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Online Transparency

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Patrick Sharbaugh

on 11 July 2016

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Transcript of Online Transparency

Transparency
http://www.google.com/transparencyreport/
Google's Transparency Report
Wikileaks
Corporate Transparency
Personal Transparency
Political/Governmental Transparency
Based on the belief that operation of government and public administration should be opened at all levels to public scrutiny and oversight
Greater openness and interactivity
Companies being pressured to become more open and engaged online by using blogs, by sharing more of their internal discussions or information, by inviting comments and input, by participating in social media
Does an increase in personal transparency lead to a decrease in personal privacy?
“When a government is trying to hide information, it’s probably because of something they are doing wrong or shouldn’t be doing at all. People should know about this.” He also says, “Transparency in government activities leads to reduced corruption, better government and stronger societies.”
“Transparency is how you keep societies honest.

“And now, because of the internet and because of the digital revolution, we’ve essentially given people the ability to see everything. So you can now take photographs, take videos of everything you see in your world and people discover it. And there are whole communities of people who are interested in these kinds of aspects. And they serve as a form of check and balance on the powerful, the rich, the people who might exploit others.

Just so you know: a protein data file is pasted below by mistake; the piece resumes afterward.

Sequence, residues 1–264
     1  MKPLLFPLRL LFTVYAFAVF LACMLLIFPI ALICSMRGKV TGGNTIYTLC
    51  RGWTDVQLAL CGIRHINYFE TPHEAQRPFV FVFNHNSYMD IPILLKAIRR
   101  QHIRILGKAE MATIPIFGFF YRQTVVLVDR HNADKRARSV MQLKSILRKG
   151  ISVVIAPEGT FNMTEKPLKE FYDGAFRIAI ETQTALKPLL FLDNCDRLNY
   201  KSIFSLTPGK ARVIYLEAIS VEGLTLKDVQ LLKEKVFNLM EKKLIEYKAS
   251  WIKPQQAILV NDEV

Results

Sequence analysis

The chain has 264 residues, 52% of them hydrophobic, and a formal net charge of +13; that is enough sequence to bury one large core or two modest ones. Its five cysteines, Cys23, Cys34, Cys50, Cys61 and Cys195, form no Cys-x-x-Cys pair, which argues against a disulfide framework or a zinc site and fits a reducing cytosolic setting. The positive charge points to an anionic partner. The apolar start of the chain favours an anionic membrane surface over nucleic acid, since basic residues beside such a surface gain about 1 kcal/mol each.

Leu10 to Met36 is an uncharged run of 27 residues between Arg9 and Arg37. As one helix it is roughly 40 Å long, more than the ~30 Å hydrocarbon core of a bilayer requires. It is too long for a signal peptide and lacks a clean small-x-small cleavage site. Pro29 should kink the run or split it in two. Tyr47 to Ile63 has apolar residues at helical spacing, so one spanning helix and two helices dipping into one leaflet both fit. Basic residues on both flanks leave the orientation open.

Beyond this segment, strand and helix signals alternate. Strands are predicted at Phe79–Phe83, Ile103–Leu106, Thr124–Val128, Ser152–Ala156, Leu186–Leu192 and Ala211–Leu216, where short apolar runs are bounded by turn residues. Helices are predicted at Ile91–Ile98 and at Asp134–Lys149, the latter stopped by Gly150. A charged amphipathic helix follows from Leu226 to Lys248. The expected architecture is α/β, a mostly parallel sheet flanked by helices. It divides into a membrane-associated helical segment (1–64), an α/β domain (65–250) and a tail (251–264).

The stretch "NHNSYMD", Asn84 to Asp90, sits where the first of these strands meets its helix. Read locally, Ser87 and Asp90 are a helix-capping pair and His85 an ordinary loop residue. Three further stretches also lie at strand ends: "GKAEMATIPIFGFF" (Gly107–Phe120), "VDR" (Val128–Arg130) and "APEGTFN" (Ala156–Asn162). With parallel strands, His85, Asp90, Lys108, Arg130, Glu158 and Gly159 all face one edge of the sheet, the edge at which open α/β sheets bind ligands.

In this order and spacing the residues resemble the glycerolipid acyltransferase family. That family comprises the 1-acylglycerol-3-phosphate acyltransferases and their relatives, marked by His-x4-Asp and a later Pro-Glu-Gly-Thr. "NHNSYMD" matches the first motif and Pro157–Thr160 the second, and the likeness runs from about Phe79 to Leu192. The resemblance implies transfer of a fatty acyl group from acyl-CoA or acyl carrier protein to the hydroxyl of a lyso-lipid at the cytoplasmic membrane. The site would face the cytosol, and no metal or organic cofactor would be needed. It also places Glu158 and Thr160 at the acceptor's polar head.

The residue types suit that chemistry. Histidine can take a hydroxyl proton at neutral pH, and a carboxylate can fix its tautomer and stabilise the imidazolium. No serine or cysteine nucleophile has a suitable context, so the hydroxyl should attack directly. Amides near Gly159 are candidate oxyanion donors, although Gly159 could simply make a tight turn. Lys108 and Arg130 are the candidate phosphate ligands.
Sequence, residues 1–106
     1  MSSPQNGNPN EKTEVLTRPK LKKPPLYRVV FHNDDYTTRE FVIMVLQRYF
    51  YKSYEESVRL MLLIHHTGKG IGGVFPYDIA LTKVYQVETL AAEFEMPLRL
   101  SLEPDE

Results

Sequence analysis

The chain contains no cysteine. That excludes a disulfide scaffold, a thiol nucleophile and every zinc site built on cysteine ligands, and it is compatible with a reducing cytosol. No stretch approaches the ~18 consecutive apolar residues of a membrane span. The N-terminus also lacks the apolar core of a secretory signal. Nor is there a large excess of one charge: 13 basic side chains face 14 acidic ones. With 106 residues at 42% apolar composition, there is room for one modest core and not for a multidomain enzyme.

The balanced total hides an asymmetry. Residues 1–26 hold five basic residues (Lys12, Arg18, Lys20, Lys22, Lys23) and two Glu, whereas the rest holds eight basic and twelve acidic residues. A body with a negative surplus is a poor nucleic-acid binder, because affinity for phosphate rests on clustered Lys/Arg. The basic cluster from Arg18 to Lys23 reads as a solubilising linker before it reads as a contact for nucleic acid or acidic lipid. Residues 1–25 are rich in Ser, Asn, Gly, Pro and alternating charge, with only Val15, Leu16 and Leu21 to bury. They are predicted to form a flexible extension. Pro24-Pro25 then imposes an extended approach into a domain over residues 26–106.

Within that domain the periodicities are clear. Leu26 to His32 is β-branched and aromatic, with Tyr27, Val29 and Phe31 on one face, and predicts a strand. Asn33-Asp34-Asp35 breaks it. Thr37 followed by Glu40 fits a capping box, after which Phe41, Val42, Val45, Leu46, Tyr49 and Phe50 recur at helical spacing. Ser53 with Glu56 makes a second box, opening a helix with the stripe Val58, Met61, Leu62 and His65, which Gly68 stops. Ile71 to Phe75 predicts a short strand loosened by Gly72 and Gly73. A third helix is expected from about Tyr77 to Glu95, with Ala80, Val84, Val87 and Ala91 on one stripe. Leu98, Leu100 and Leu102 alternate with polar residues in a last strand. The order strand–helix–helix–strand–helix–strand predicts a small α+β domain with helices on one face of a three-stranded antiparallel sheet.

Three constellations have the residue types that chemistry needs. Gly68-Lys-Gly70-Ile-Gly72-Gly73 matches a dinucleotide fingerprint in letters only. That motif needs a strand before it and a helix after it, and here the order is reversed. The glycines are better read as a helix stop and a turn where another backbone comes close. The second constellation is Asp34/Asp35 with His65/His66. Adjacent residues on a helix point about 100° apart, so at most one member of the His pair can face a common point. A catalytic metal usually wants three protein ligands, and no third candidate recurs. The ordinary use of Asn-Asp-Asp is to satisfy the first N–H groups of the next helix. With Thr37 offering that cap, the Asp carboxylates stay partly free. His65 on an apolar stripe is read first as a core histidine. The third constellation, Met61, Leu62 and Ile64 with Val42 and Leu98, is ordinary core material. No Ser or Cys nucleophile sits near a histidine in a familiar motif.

“It means that everybody can’t hide. They have to actually tell the truth. To me, that’s a great step forward.”
Eric Schmidt
In a political sense, transparency is used as a means of holding public officials accountable and fighting corruption.
When a government's meetings are open to the press and the public, its budgets may be reviewed by any citizen, and its laws and decisions are open to discussion, it is seen as transparent.
The result: less opportunity for people in power to abuse the system for their own interests.
The concept of the design is to allow an observer to observe all inmates of an institution without them being able to tell whether or not they are being watched.
Panopticon
A type of building designed by English philosopher and social theorist Jeremy Bentham in the late 18th century.
Active transparency
Passive transparency
Involuntary
Voluntary
Increases trust, credibility and accountability
What are some of the kinds and characteristics of new media that could explain all this transparency?
User-generated content
Digitality (easy to copy & share)
Many-to-many communication
Decentralized network
Designed to be uncontrollable
Social pressure toward more openness
http://www.nytimes.com/2012/10/26/business/global/family-of-wen-jiabao-holds-a-hidden-fortune-in-china.html
http://www.weknowwhatyouredoing.com/